Ear 25, March ! 1975 Editors: Beth Anderson & Charles Shere, Oakland CA. 641w

Tony Gnazzo's concert at 1750 Arch, entitled PEANUT BUTTER & MARSHMALLOW PIZZA (further adventures of the late A. J. Gnazzo) was a mixture of various levels of juxtaposition, reflections on art and music, and, above all humor.

Tony is a master of juxtaposition. He superimposes visual images on sounds to create delightfully absurd pieces, like "Music for Cello and Tape, No. 2" in which the performer remains silent with poised bow while one hears a tape of someone's voice, not necessarily that of the performer, discussing her feelings about the cello, music, performance, Etc. "The Gain is Well Worth the Price" is a sequence of images (slides of every imaginable category) with words which complete the sentence,"Art is.." His juxtapositions of word and image worked well with his temporal juxtapositions, including a gamut of tableaux from such prosaices as "structure" (an arrangement of concrete pipes) and "repetition" (Blue Boy shown unexpectedly twice) to more elevated subject matter such as "absolutely right" (a very hokey-looking family waving from the dinner table) and "precise definition" ( an out-of-focus girl on a hill). I felt this was the major piece on the program. Each combination was just right, either in its humor or its artistic truth, which are probably equivalent for Tony. In any case it left me amused and reflective.

Most of the pieces involved tape recording of voices, records or electronic events; and his impeccable recording technique, which has now become a sine qua non for him, can be considered a distinctive feature of his compositional style. The voice tapes are marred only by occasional slight overloads on the plosives. However, these overloads or slight popping sounds may not necessarily be considered faults as they have the effect of intensifying the whole experience of recording and listening (subTLE) DIstortIONs). They reminded me of the scene in A Clockwork Orange which involved one's eyes being forced open seeing until it hurts.

But Tony's music never assaults. It is always gentle and tasteful, but increasingly assertive. He is one of the chief spokesmen for the kind of thinking that identifies life with art --- a true concept artist.

nearly every piece on the concert had a "message", referring to aspects of life we all know but tend to ignore, or to music itself, sometimes using minimal and/or banal contents. The final tape piece ("Listening", --- his self-proclaimed Warhol piece --- consisted of the major and minor scales played on the organ and identified in slow, tedious succession. I walked out on it when I thought I perceived a pattern. C G F A E flat... In spite of its untouchable starkness, I think he used this tape more effectively in conjunction with his interview tapes in his Nanny Goat Hill concert last year.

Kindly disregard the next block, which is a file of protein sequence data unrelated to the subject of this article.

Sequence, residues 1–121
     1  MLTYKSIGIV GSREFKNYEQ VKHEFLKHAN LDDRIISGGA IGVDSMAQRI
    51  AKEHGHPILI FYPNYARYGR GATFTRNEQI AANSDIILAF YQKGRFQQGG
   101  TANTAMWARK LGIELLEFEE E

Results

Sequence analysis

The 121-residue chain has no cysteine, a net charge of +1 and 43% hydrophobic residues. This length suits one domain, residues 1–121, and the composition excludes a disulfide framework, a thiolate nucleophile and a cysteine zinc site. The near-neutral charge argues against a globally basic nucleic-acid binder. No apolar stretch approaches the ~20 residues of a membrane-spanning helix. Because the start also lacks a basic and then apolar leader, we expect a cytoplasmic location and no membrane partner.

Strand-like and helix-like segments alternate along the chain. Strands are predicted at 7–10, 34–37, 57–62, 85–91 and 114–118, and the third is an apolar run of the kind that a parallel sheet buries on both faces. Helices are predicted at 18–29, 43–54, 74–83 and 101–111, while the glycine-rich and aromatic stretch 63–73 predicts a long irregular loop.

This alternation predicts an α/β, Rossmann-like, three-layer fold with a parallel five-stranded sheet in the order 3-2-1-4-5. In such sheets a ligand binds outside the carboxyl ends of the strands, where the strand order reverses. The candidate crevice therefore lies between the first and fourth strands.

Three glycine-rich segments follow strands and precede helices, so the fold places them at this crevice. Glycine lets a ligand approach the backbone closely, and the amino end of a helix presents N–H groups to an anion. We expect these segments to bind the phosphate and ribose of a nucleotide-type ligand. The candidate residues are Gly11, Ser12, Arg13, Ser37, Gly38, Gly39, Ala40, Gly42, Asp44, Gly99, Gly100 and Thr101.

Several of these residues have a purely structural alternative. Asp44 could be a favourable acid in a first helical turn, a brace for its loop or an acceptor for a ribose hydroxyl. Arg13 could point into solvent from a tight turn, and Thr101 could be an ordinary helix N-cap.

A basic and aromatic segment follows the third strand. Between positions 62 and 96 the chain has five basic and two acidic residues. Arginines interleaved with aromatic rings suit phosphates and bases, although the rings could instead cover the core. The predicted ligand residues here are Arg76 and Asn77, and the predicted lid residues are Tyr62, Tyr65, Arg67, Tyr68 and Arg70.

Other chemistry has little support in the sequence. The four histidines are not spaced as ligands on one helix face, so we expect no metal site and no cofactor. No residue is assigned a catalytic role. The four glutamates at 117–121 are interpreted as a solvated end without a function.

This program, incidentally, was set to the form of the Roman Catholic Mass; the individual pieces taking the place of the various parts of the Mass. I didn't quite catch the symbolic value of this unless it be simply another juxtaposition (of the metaphysical with the concrete) or a reference to his own past.

The last juxtaposition that occurs to me is truly a juxtaposition of the opposites. In the midst of this elaborate theatrical presentation, which included performers in formal attire, appears Tony Gnazzo in denim work shirt humbly reading his sound poetry ("The Gospel Accordingly"), which was nice. Shades of the romantic.

I came away from the concert elated and appreciative, like I wanted to steal his ideas. New Arts lovers of the bay area should consider themselves fortunate in having Tony Gnazzo as an active resident composer. He works with great technical polish, is possessed of perceptive and cutting social insight , and has a deep awareness of the state of contemporary arts. Jan Pusina

Typed by Barb Nov 1 94